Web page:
There are less than two weeks left in the U.S. congressional midterm election campaign, and analysts say opposition Republicans appear poised to make significant gains on November 2.
Several recent public opinion surveys show Republicans holding an edge among registered voters. The latest Gallup poll finds 48 percent supporting Republican candidates, and 43 percent favoring Democratic candidates. But among likely voters surveyed, the Republican margin is greater. And experts say the Republican edge among likely voters in numerous surveys points to significant gains in November at the expense of Democrats.
Democrats are doing all they can to mobilize their voters in the final two weeks of the campaign. Among those lending a hand is first lady Michelle Obama, who spoke recently at a Democratic Party fundraising event in New York.
"We are not there just because of an election. We are not there just because we support folks that we love. We are here to renew that promise," said President Obama.
One of the most visible Republicans on the campaign trail this year is former Alaska Governor and vice presidential candidate Sarah Palin. Palin kicked off a Tea Party bus tour in Nevada that will travel to 19 states in hopes of generating support for Republican candidates on Election Day.
"Mr. Obama and your czars, you are next because now we can see 2012 from our house!" said Palin.
There has been a flurry of contentious candidate debates around the country in recent days. And on television, the candidate ad wars are heating up.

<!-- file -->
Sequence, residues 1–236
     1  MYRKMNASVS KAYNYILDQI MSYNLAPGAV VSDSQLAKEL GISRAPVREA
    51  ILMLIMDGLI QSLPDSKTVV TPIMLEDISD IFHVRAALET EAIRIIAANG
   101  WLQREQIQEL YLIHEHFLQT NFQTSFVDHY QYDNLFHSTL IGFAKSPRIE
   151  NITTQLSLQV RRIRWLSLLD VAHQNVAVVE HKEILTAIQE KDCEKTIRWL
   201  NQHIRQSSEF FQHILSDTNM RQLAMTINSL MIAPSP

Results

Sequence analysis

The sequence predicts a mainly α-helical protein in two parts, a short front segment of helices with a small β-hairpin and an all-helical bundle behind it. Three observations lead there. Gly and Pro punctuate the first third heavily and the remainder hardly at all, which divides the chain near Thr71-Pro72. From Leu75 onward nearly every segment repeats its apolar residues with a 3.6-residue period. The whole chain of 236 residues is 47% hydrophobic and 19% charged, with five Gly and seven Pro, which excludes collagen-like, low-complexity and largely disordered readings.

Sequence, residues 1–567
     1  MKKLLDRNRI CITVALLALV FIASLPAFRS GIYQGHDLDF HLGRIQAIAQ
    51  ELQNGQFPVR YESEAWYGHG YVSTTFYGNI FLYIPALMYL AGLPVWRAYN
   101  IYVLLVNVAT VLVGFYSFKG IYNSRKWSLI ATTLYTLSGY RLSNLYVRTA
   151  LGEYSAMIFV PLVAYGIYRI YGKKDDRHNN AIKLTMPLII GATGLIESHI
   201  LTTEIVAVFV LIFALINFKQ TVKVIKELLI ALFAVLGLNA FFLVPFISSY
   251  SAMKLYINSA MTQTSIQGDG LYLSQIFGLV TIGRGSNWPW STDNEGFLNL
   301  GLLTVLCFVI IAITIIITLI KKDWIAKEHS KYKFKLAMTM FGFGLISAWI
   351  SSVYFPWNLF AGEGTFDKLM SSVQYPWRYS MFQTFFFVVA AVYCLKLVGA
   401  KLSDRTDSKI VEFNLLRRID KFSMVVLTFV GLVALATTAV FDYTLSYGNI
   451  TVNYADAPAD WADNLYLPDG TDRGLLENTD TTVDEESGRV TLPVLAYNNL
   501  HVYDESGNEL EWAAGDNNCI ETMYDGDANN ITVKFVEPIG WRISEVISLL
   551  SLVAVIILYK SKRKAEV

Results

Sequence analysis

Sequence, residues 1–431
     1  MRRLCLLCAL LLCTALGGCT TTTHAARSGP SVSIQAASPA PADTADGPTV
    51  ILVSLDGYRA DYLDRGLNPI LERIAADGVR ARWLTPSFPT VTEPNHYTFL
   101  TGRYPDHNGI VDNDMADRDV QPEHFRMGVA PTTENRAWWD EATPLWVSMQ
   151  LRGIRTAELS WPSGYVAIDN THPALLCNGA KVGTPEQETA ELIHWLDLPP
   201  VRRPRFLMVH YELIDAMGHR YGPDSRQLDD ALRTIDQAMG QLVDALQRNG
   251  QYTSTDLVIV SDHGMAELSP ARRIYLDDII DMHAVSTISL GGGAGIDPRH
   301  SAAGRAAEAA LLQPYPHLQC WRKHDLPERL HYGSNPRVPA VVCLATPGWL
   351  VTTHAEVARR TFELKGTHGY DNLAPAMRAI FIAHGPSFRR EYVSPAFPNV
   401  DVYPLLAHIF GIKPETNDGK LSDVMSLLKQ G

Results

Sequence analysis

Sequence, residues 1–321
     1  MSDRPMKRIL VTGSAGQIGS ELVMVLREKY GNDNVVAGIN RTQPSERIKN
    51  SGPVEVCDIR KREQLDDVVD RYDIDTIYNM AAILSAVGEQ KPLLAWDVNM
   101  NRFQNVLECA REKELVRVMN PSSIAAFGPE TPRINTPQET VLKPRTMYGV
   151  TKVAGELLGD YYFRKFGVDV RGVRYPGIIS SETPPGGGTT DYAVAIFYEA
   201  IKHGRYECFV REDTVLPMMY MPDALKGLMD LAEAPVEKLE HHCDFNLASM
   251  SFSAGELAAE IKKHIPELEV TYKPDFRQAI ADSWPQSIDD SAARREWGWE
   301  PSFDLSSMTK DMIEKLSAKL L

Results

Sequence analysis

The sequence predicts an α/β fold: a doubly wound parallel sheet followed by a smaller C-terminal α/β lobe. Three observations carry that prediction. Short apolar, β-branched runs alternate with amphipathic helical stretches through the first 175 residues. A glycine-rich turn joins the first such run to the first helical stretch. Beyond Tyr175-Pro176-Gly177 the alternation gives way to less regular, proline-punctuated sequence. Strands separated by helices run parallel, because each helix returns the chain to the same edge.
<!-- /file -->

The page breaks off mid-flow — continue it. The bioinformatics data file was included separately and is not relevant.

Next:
One of the most hard-fought races in the country is the battle for a U.S. Senate seat in Kentucky between Democrat Jack Conway and Republican Rand Paul, a favorite of grassroots conservative and libertarian activists who make up the Tea Party movement.
Conway is running television ads accusing Paul of belonging to an anti-Christian group when he was a college student.
CONWAY AD: "Why was Rand Paul a member of a secret society that called the Holy Bible a hoax?"
Paul reacted angrily to Conway during a recent debate.
"Jack, you should be ashamed of yourself," Paul retorted. "You should apologize. Have you no decency?"
Political experts say Republicans are on track to benefit this year from voter anger and frustration over the domestic economy and the high unemployment rate.
Allan Lichtman is a presidential historian at American University here in Washington:
"But certainly, if the economy is bad, bad things are going to happen for the party holding the White House. As [a former President] Herbert Hoover said, 'the president gets the credit for the sunshine and the blame for the rain,'" noted Lichtman.
President Barack Obama has a lot at stake in the November elections. A Republican takeover of one or both houses of Congress would have a huge impact on the president's domestic agenda, says analyst Tom DeFrank of the New York Daily News.
"But I think the House [of Representatives] will go Republican and what it really means is that for the more ambitious elements of President Obama's legislative agenda, you can just kiss goodbye for the next two years," said DeFrank.
Republicans need a gain of 39 seats in the 435-member House of Representatives to retake control of that chamber and they need a 10-seat gain to win a majority in the 100-member Senate. Republicans lost control of both chambers to Democrats in the last midterm elections in 2006.
See related report by Laurel Bowman: